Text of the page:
'Doing the right thing, even when no one is looking'.

Author:Baird, Harold
Position:A word from the president
 
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It's time to take the long view on business ethics. It's no coincidence that the first theme in our new series of CIMA/AICPA discussion topics is business ethics, and how it can add value to organisations. Business ethics is often referred to as "doing the right thing". CIMA likes to complete this phrase with the words: "even when no one is looking". To me, this strikes at the heart of the issue.

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In my February column, I made the point that ethics must be embedded into the DNA of an organisation if it is to have any real value. It is CIMA's contention that good leaders make it their duty to understand the particular ethical challenges an organisation might face and how they can be addressed. Once these priorities are identified, metrics can be put in place to ensure improvement continues in the long term.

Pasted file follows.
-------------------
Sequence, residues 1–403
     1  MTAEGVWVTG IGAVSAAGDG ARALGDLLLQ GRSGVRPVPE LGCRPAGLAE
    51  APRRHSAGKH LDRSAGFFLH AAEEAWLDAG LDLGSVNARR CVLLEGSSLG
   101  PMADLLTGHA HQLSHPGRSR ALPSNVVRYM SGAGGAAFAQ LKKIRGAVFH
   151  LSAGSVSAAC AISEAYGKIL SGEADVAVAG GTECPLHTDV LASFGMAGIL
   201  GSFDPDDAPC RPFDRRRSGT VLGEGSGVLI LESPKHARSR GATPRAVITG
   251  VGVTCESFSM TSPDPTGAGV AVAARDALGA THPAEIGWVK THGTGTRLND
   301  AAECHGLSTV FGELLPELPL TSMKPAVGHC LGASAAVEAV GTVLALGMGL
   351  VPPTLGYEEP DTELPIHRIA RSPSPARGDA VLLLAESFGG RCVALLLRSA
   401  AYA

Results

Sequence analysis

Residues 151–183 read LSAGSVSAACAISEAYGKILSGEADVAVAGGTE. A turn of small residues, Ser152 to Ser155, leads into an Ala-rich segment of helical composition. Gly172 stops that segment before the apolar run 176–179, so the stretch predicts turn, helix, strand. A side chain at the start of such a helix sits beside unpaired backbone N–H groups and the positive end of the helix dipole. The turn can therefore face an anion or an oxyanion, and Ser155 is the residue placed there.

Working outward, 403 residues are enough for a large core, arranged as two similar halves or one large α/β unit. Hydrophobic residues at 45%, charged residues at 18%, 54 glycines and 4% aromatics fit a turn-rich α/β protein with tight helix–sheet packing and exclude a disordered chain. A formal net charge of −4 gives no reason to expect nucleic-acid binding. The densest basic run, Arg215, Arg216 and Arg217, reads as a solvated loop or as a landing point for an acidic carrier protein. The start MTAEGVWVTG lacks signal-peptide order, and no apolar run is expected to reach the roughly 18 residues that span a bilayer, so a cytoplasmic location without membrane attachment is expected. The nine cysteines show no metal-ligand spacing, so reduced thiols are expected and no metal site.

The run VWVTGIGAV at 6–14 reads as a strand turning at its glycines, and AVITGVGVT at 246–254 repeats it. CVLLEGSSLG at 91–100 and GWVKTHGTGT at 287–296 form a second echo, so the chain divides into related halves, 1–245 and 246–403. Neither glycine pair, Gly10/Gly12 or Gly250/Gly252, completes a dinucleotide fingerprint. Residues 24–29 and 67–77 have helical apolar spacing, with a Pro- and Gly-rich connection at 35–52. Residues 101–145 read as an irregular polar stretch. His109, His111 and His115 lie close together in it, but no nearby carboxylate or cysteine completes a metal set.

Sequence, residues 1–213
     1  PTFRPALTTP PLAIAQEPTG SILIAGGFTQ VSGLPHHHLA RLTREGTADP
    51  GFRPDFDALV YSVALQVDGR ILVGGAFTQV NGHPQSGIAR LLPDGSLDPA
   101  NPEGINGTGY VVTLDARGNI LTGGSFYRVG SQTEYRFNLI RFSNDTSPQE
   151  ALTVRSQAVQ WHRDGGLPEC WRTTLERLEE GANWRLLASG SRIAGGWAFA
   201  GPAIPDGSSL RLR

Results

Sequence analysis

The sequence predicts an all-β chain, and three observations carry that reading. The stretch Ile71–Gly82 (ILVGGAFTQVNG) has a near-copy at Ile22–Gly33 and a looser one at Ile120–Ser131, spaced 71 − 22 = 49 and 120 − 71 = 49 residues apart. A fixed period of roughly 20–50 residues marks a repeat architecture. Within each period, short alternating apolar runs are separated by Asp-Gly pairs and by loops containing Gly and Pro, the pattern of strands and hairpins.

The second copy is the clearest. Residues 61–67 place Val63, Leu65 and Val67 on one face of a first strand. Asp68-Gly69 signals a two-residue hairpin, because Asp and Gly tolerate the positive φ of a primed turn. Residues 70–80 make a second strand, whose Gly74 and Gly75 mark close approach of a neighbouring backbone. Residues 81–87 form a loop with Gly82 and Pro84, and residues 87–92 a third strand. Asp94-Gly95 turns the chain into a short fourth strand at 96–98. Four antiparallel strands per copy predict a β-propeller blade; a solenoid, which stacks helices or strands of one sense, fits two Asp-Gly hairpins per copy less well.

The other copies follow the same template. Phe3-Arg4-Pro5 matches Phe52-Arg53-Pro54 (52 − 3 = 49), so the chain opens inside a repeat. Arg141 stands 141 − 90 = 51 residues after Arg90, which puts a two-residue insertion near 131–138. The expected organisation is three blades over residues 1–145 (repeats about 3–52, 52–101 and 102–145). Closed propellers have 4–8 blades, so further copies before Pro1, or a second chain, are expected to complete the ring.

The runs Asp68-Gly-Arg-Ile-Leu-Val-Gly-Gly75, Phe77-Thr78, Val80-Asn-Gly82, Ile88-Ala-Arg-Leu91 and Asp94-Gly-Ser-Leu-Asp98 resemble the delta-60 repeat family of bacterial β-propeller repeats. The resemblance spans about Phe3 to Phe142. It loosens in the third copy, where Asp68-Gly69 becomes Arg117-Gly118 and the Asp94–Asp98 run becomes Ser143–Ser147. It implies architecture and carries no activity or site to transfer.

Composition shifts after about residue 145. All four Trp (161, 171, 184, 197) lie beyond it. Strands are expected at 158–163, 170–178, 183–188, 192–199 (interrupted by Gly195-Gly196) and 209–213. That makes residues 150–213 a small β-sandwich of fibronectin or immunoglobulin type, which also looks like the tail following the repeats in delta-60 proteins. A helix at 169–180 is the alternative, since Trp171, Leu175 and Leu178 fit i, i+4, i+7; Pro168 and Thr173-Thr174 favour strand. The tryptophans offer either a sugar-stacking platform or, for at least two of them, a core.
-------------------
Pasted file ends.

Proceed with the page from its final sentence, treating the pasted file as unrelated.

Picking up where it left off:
But worryingly, a new CIMA/AICPA study indicates that there is currently quite a gap between the rhetoric and the reality. A global survey of almost 2,000 LIMA members, students and AICPA members found that while 80 per cent of our members' employers now have a code of ethics in place, only 36 per cent are actively monitoring and evaluating performance. More worrying still, it appears that business leaders are less likely to be actively engaged in reviewing and taking responsibility for ethical performance than they were at the time of our previous survey, in 2008.

A weakened "tone from the top" has serious implications for the overall ethical culture of the organisation. A change in direction is critical--particularly because our analysis also revealed that management accountants are feeling pressure from all sides.

On the one hand, our members are telling us that they are being asked to pay more attention to ethics through an increase in ethical codes, training and overall "ethical framing". On the other, they are telling us that there is greater pressure within organisations to act unethically. (This view has risen from 28 per cent in 2008 to 35 per cent in our most recent survey.) These pressures are at their greatest in emerging economies where there is the most competition - and perhaps more temptation to cut corners.

We believe that CIMA members have a key role...

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